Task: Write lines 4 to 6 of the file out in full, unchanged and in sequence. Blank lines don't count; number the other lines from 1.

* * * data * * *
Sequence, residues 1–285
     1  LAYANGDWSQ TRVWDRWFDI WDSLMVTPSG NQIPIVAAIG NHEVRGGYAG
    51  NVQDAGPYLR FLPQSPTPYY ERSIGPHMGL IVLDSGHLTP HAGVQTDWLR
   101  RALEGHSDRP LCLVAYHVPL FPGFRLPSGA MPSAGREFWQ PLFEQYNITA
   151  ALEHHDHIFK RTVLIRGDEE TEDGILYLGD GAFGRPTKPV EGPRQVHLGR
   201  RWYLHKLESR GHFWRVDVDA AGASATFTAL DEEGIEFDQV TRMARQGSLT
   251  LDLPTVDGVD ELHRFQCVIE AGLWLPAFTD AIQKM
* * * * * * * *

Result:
   101  RALEGHSDRP LCLVAYHVPL FPGFRLPSGA MPSAGREFWQ PLFEQYNITA
   151  ALEHHDHIFK RTVLIRGDEE TEDGILYLGD GAFGRPTKPV EGPRQVHLGR
   201  RWYLHKLESR GHFWRVDVDA AGASATFTAL DEEGIEFDQV TRMARQGSLT